Turn off oven, place the pan on a cooling rack (or wooden coasters)  and let it cool. Once cooled, transfer the lentils to a mixer (or spice grinder), add salt, hing and jaggery and coarse grind. Transfer the podi into an airtight container.

While serving, mix the podi with some good quality sesame oil or ghee and enjoy with idli, dosai and paniyarams.

Note :

1. The baking duration could differ from oven to oven. If you watch the roasting process closely a couple of times,  you’ll know the duration your oven needs.

2. The extent of coarseness of the podi is your preference. Stop the mixer when you think you’ve reached the right texture of the podi.

3. I add some tamarind also occasionally. If you’d want to try it, add it along with the lentils to be roasted in the oven. One tablespoon of chopped tamarind would be good for this recipe.

4. You can always roast the lentils on your stove top, if you don’t want to use an oven or don’t have one.

5. The shelf life of the milagai podi is really good, but try to use it within in a month.

14 Comments Add yours

  1. I love the way you write these blogs , keep it up. will surely try this at home

    1. Try and let me know Jothi

  2. Lakshmi says:

    What kind of chillies do you use? Round or long. How do you get the red color?


    1. Long ones. Roast the lentils well until they become nice and reddish brown. This helps you to get a nice red color of the podi.

  3. Latha says:

    Super! My mom uses black split head dhal and it gets even more tastier. Also you can add a bunch of curry leaves saute and powder

  4. Zareena says:

    Good one Meera. I prepare podi at home as well. But no channa dhal, mostly whole urad dhall,long dried red chillies, few garlic-cloves, a small piece of tamarind and curry leaves. Roasted and ground. I also use the hot pan that I used for roasting the ingredients to mix salt and asafoetida and that helps to take the moisture out of the salt. 🙂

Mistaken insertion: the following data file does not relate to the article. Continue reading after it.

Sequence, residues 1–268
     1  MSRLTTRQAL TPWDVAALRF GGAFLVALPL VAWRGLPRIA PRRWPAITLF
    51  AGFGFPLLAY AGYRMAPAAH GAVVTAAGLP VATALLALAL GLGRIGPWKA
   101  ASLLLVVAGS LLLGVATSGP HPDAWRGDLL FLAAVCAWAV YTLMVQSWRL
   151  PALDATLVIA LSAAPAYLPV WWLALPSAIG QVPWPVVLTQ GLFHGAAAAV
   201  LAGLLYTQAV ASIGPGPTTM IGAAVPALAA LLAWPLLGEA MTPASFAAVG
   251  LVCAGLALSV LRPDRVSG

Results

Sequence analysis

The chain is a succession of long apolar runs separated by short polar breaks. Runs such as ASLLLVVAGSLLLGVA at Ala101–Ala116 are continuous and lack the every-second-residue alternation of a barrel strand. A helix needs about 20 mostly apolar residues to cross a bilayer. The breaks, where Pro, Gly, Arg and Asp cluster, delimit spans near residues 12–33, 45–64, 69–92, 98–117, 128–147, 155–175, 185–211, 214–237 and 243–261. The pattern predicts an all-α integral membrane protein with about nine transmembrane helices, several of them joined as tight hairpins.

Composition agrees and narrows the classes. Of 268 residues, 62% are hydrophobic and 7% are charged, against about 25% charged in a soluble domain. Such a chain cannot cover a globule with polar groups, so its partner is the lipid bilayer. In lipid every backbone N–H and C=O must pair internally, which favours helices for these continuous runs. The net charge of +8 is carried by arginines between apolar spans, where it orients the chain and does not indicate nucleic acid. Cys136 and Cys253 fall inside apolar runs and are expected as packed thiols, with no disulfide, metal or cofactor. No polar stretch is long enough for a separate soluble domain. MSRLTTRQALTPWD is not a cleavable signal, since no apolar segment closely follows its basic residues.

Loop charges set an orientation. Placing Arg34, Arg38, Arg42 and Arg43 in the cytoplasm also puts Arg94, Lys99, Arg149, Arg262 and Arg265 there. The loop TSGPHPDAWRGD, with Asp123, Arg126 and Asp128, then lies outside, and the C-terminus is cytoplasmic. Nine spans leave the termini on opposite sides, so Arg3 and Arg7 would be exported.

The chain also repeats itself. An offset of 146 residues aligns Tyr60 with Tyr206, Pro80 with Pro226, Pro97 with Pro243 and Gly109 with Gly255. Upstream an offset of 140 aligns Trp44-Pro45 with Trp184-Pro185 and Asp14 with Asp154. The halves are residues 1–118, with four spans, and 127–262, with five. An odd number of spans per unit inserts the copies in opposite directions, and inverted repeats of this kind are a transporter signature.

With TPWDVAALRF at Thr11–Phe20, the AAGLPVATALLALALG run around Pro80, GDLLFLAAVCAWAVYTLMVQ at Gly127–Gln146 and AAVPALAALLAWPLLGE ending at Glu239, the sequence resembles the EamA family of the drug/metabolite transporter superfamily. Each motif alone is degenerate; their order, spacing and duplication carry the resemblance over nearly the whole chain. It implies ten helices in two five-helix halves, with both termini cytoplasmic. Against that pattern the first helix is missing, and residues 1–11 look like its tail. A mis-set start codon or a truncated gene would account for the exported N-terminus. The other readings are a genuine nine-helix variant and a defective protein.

1. Your recipe reminds me of the podi that we used to have at our hostel.

  5. Punitha says:

    Meera though i prepare the milagai podi mostly tge same way, I read through the whole blog as I love ur way of writing…keep it up

  6. Beautiful post! Love your writing, the podi looks insanely good with those soft idlis 🙂

  7. Mumtaz says:

    Can’t thank you enough for this oven method. Only those who have suffered the pan roasting process know the value of your post. It was a breeze, and the taste was also too good. Thanks for this great recipe!

  8. Jothi says:

    you know what Meera made this yday and have started this tradition of making at home idli podi after reading your blog and following your recipe , I do it all without jaggery 🙂

  9. Gayathri says:

    Good one Meera! I make it pretty much in the same ratios, but on cooktop and with a few alterations. I dry roast the sesame seeds (I generally use white) and individually roast the lentils and red chillies in sesame oil, as each of them have a different cooking consistency. I use sugar instead of jaggery. Tip – Patting of the extra oil from the lentils will make the powder less sticky. Happy cooking 🙂